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Dr. Richard Corlett Bio:

For the last 30 years, Richard Corlett has researched the ecology of deforested tropics. The focus of his research has been on understanding which wild species survive in these human-dominated landscapes and what factors determine the potential for landscape recovery when human impacts are reduced.

For the last dozen years, Dr. Corlett has concentrated on the process of seed dispersal, since it is both a rate-limiting step in forest development and one that is particularly vulnerable to local extinctions of bird and mammal species.

He and his research group have also made significant contributions to two additional, related, research areas. One is the ecology of alien invasive species of plants and animals in the tropics. Another is the global biogeography of rainforest biotas.

A new research focus is on understanding the likely impacts of climate change in the wet tropics. This project applies to the urgent problem of predicting responses to the 3-4 degree warming projected for tropical East Asia by 2080.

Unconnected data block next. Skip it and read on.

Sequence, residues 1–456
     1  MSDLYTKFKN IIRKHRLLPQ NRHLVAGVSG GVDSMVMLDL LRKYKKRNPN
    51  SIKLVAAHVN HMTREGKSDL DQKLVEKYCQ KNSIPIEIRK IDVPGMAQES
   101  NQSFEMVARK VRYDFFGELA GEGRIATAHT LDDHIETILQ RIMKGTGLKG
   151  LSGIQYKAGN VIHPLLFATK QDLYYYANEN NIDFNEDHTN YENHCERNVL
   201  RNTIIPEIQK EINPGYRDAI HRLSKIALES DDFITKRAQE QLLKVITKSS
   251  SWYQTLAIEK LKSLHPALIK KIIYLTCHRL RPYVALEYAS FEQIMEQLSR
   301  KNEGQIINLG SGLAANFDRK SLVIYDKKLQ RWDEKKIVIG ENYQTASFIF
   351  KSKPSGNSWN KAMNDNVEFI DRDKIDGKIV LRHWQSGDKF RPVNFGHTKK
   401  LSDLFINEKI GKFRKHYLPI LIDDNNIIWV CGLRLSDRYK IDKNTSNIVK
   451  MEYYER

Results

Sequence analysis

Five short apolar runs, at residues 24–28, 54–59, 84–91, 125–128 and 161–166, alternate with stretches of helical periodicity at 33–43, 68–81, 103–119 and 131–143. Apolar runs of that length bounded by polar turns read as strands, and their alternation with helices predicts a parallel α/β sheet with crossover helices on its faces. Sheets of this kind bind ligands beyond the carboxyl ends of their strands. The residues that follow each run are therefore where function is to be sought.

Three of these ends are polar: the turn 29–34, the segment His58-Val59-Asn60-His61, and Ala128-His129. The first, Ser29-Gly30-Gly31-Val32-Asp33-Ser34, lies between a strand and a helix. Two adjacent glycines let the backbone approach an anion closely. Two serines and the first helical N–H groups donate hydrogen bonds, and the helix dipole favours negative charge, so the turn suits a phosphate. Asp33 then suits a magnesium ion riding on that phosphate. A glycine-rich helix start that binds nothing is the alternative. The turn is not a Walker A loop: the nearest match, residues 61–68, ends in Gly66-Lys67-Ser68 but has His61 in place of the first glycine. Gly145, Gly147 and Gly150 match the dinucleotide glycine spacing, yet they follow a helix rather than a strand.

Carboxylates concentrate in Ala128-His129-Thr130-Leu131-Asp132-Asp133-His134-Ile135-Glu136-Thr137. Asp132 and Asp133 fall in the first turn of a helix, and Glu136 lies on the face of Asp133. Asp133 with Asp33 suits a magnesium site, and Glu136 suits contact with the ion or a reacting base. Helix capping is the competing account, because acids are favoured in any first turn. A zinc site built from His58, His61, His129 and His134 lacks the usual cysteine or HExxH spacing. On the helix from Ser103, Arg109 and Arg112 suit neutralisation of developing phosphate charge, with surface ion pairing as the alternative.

Dr. Corlett plans to devote more attention to the ecology of tropical Asia’s growing area of ‘empty forests’: forests that still have a more-or-less intact structure and flora, but have lost the large vertebrates that are responsible for much of the seed dispersal, seed predation, browsing, and many other processes in pristine forest communities.

Full bio at the National University of Singapore website.

Research Interests: Terrestrial Ecology, Climate Change, Conservation Biology, Biogeography

Current Position: Professor, Department of Biological Science, National University of Singapore

Other Positions:

  • Lead Author for Chapter 24, ‘Asia’, in the Working Group 2 (WGII) contribution to the Fifth Assessment Report (AR5) of the Intergovernmental Panel on Climate Change (IPCC), due in 2014.
  • Honorary Professor, University of Hong Kong, China
  • Visiting Professor, South China Agricultural University, China
  • Editor, Biological Conservation
  • Editorial Board, Gardens’ Bulletin, Singapore, Acta Botanica Yunnanica

The Ecology of Tropical East Asia
Tropical Rain Forests: an Ecological and Biogeographical Comparison


  • PhD, Australian National University
  • MA, University of Cambridge
  • BA, University of Cambridge

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